It is an accepted principle that a court will not normally re-open a dispute over arrangements for children shortly after making a decision on the matter, unless there has been a change in circumstances such as to warrant looking at the matter afresh. Thus, for example, if a parent applied to vary a child arrangements order just a couple of months after the order was made, the court would be justified in dismissing the application without giving it full consideration, if it found that there had been no significant change in circumstances.
But what if the court had not given the matter full consideration at the previous hearing? Could the court then summarily dismiss a subsequent application, simply because it finds that there has been no change in circumstances?
This was the issue in the recent case DP v PC, an appeal by a father against the dismissal of his application for contact with his two sons. The appeal was heard by Mr Justice Baker in the High Court.
DP v PC was yet another of the never-ending line of cases involving continuous litigation between parents over arrangements for their children. As Mr Justice Baker said: “these boys’ lives have been blighted by court proceedings over a number of years”. Over more than six years, it would seem. As Mr Justice Baker lamented: “It is one of the many sad cases which come before this court in which parents are unable to agree, for one reason or another, about the arrangements for their children.” Quite.
Anyway, to the facts of the case. Briefly, the mother was granted a residence order in respect of the boys in 2011. Since then the issue of the father’s contact with them has been the main subject of subsequent proceedings. The primary issue was not so much whether the father should have contact, but rather what form the contact should take: should it be direct or indirect contact, and if direct contact, should it be supervised?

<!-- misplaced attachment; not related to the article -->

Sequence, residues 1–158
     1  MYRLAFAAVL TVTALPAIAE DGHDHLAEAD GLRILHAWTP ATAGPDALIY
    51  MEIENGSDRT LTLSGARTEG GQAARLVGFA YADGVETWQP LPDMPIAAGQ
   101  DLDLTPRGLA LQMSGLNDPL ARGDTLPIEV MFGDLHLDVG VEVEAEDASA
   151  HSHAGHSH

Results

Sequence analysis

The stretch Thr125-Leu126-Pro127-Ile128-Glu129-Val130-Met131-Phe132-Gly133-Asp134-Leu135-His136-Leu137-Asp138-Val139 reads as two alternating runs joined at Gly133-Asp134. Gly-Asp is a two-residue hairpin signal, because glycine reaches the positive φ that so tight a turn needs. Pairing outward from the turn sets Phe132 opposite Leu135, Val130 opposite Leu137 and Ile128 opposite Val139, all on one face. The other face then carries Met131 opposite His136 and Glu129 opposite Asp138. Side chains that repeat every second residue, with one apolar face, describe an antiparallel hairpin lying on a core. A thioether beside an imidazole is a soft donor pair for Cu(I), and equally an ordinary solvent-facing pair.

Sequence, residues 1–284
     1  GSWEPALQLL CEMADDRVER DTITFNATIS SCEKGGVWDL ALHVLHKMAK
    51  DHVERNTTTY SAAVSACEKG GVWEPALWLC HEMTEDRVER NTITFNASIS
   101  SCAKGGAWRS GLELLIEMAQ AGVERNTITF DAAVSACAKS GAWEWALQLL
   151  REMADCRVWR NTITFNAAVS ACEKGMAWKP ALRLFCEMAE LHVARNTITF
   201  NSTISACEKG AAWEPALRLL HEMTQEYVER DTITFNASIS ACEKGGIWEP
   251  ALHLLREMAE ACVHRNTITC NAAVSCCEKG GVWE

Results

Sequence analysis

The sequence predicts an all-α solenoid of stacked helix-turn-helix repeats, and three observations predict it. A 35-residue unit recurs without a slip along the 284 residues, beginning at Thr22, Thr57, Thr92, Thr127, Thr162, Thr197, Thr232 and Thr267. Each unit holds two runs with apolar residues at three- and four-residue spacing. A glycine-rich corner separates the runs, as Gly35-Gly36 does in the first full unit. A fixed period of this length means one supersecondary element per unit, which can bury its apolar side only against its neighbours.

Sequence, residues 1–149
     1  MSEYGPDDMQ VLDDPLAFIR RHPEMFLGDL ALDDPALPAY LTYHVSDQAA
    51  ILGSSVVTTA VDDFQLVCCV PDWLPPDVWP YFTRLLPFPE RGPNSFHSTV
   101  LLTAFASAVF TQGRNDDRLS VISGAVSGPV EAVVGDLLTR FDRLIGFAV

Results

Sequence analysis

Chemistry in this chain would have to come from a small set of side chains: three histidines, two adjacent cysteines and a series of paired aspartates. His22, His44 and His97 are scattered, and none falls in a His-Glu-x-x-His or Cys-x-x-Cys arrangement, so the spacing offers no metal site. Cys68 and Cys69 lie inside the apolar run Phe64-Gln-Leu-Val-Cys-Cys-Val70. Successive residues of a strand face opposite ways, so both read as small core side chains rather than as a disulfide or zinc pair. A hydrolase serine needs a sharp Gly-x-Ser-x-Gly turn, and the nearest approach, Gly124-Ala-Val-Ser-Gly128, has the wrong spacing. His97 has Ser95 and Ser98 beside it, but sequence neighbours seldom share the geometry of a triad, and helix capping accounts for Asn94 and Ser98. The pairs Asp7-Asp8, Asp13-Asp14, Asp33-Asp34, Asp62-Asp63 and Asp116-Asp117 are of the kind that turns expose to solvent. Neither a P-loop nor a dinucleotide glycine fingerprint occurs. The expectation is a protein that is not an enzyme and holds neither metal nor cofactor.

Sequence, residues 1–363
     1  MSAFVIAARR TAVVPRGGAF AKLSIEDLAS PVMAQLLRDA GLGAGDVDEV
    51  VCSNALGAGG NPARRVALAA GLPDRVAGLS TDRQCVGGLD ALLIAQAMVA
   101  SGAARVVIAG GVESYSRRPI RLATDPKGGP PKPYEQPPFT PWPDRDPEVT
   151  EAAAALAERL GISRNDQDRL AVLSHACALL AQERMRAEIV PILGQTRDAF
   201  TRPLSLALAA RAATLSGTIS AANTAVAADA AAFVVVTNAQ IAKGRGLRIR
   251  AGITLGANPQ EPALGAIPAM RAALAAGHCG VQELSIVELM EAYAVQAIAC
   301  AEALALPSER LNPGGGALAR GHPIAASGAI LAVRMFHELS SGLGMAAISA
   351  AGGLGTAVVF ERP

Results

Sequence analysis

In the course of the proceedings various reports were prepared, including by a psychologist, by a Cafcass officer, and by a guardian appointed for the children. The reports were generally supportive of the children continuing to have contact with their father.
A hearing took place in June 2016. The purpose of the hearing was essentially to decide whether the father’s contact should be supervised and remain supervised indefinitely, or whether it should be supervised and then move on to unsupervised and staying contact. However, the father decided not to proceed, and was given leave to withdraw his contact application. His reasons for doing so were disputed by the parties. He claimed that he took a step back because of what he described as the “turmoil in the children’s lives”, whereas the mother claimed that the father’s actions were simply typical of the inconsistent way in which the father had pursued the issue of contact. Whatever, the court made an order for indirect contact only.
In about September 2016 the father applied to have his contact application restored. His application was heard in May this year. The judge dismissed the application, primarily because he found that there had been no change in circumstances since the order of June 2016. The father appealed.
Mr Justice Baker found that the judge had been wrong to approach the case simply on the basis of whether or not there had been a change in circumstances. He said:
“That might have been an appropriate step to take where there has been a contested hearing relatively recently at which the issues have been properly and fully ventilated. In such circumstances, if a parent then returns to court and seeks to reopen the issue, then it is likely that a court will take the view that there should be no further extensive investigation, unless there has been a significant or material change in circumstances. In this case, however, the situation is quite different.”
Here, the issue of whether or not there should be supervised contact had not been argued at the hearing in June 2016. The judge should have given consideration to the various reports that had recommended contact, and if he had done so he would have realised that the welfare of the children required direct contact with their father.
Accordingly, the father’s appeal was allowed, and the case was remitted back for rehearing.
The full report of the case can be found here.
Photo by Nanagyei via Flickr